FeaturedPulseFulbrights reflect on time at Trinity, differences between Germany and US

Students surprised by southern hospitality, expensive tuition and more
Cate CoeSeptember 5, 2019423 min
https://149362186.v2.pressablecdn.com/wp-content/uploads/2019/09/f28a5448-b26d-4200-bd1a-89cc94bd9b2f-1280x960.jpg

Photo provided by Ethan Jones

Students from various cities in Germany as a part of the Fulbright Diversity Initiative. All are taking the opportunity to live in and learn about another country for a month and have been enjoying their time in the United States so far. They’ve been making an effort to interact with the Trinity community as well as Americans in general.

Some had fears about coming to the U.S. They questioned whether they would be accepted into the country at the border and were nervous about police brutality and gun violence.

“When I told my friends I would go to Texas they were like, ‘You sure? They all vote Trump, and they all have guns, and you know, you are black, and the police will come to you,’ ” said Gary Emekwa, a student at the University of Applied Science Europe studying film and motion design.

Fady Saleh, a Fulbright student from Frankfurt, Germany, who studies business administration and management, was curious to see if America was really like the movies.

“From media and stuff like that, you always hear Texas is in the South, and it’s not so secure — they have guns and stuff like that,” Saleh said. “You also hear a lot about mass shootings.”

Saleh expressed his discomfort with the possibility that anyone in Texas might have a gun — something he would never consider in Germany.

“Imagine Frankfurt, for example, if someone looks at you, and he wants to have a fight with you, it’s OK, you can go into the fight. It’s like a fight between two humans; it doesn’t escalate in general. In America, you have to think twice of going into a fight with someone because they might carry a gun,” Saleh said.

Aya Mansouri, who studies social sciences at Bielefeld University, wondered whether she would face discrimination for her hijab.

“You have to know that walking around with a scarf or hijab in Germany is always hard,” Mansouri said. “People always look at you. Always. And here at Trinity, I am the only one who is wearing it, so it’s actually a little bit strange; people don’t know it. … People are just treating me normal, so it’s not a big deal here.”

Anh-quoc Doan, a student at the University of Hamburg studying educational science, was also surprised by how he was treated by Texans.

“The people are very kind here. It’s not comparable to Germany,” Doan said. “I guess in Germany a lot of people are grumpy and it is easier to talk to people here and ask for help and maybe have a normal conversation.In addition, Fulbright students were surprised that Americans knew so little about Germany.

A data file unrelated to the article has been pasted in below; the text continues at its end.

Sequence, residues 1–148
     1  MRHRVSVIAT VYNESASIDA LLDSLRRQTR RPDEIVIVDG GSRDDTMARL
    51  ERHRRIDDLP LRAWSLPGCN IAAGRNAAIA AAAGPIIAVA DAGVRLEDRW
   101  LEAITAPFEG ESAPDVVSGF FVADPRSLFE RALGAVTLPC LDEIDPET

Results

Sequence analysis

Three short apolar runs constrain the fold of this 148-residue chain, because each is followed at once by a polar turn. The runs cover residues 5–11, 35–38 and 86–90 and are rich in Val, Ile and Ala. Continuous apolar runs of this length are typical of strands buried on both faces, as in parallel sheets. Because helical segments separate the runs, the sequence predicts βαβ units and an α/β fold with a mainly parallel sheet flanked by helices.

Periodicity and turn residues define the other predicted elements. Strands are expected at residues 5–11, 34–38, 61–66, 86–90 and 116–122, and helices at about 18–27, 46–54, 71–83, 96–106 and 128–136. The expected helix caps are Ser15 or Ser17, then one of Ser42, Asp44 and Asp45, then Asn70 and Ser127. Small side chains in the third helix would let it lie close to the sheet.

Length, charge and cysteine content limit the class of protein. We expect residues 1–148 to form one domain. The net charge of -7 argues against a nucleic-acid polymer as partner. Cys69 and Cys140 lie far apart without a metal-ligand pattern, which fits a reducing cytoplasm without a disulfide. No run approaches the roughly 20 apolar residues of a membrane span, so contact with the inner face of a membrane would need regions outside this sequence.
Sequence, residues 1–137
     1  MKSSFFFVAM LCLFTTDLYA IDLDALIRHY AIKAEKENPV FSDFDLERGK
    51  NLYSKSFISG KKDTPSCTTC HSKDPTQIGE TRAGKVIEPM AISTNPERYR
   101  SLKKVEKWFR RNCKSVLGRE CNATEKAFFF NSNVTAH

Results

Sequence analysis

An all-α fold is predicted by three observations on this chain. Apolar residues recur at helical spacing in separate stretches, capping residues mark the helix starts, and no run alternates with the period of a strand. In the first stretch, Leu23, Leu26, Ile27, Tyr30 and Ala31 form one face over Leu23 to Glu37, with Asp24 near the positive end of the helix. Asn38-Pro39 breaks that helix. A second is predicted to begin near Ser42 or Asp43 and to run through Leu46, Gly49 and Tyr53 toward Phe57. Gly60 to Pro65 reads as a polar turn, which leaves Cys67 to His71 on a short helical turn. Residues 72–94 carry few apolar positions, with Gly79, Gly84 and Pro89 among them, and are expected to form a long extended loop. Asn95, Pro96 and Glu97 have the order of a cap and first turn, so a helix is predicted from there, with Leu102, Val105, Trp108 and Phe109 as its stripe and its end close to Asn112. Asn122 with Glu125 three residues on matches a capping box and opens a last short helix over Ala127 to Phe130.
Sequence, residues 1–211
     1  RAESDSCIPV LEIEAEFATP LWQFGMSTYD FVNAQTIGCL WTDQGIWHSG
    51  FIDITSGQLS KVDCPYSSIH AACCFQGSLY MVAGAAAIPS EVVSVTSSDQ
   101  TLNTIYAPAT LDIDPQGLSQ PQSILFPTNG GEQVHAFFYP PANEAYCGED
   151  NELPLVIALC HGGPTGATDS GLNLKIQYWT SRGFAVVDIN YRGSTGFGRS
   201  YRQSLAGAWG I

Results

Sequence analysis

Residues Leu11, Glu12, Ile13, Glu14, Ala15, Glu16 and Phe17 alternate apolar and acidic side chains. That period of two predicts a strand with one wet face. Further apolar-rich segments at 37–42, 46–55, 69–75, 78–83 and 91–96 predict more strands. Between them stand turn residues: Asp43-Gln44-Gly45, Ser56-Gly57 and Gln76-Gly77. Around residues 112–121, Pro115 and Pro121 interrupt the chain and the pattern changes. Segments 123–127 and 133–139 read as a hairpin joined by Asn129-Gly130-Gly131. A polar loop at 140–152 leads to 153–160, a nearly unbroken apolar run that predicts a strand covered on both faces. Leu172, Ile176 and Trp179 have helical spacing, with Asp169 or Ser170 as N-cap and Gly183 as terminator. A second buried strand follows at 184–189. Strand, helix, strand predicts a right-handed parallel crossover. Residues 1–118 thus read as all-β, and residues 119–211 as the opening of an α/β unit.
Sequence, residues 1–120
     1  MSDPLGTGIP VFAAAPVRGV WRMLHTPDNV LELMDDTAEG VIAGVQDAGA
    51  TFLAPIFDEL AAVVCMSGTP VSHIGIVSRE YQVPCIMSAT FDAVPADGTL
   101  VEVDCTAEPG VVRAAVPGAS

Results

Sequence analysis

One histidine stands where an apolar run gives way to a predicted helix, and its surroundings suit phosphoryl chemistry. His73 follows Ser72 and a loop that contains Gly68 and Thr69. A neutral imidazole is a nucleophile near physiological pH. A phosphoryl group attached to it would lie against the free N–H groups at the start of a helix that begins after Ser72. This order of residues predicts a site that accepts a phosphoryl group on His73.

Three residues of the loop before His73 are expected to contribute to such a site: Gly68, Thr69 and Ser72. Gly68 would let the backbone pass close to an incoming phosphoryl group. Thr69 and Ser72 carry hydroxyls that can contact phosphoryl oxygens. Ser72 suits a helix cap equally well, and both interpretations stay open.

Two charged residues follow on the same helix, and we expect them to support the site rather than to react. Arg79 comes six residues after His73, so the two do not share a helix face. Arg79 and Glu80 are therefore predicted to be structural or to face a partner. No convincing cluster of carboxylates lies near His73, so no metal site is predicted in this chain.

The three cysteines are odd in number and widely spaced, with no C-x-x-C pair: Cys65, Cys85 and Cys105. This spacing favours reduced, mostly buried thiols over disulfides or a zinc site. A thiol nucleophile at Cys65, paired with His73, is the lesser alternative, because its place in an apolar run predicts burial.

“In Germany, we take ourselves very serious. We think we are one of the big guys when we talk about world politics,” Emekwa said. “But I ask a lot of [Americans] what they know about Germany and they know one thing for sure — the Nazi time and Hitler — but that’s mostly the only thing they know. They don’t know what president or chancellor we have, and it’s weird because we see so much American stuff in Germany.”

The Fulbright students were surprised by the size of Trinity’s campus, finding it to be large compared to their schools in Germany. They were impressed by all the amenities available, but shocked by the tuition costs in America.

Mansouri said she would prefer the American education if it wasn’t for the high tuition cost.

“You pay so much. It’s normal that you get these [amenities] for that [cost],” Mansouri said.

The students were impressed by more than the amenities at Trinity; they also found professors at Trinity to be more interactive and friendly than their teachers in Germany. They reflected that the structure of classes and assignments are extremely different in Germany than in the U.S.

Where Trinity classes tend to be small, lectures in Germany may have 400 people and then smaller seminars to the lectures with 30 people. In those seminars, there are presentations every week and papers to write.

It’s hella boring,” said Anh-quoc Doan. “The seminars [in Germany] are like 90 minutes long and the professors say nothing. The presentations from the students are not that good, and then you have to write papers. Nobody is very motivated in class but one or two people.”

The Fulbright arrived on campus in mid-August and will leave Trinity on Sept. 16.

Ultimately, all have enjoyed their experience at Trinity and in America so far and are grateful for the opportunity that the Fulbright Diversity Initiative has provided them.

Cate Coe

Leave a Reply

Your email address will not be published. Required fields are marked *

This site uses Akismet to reduce spam. Learn how your comment data is processed.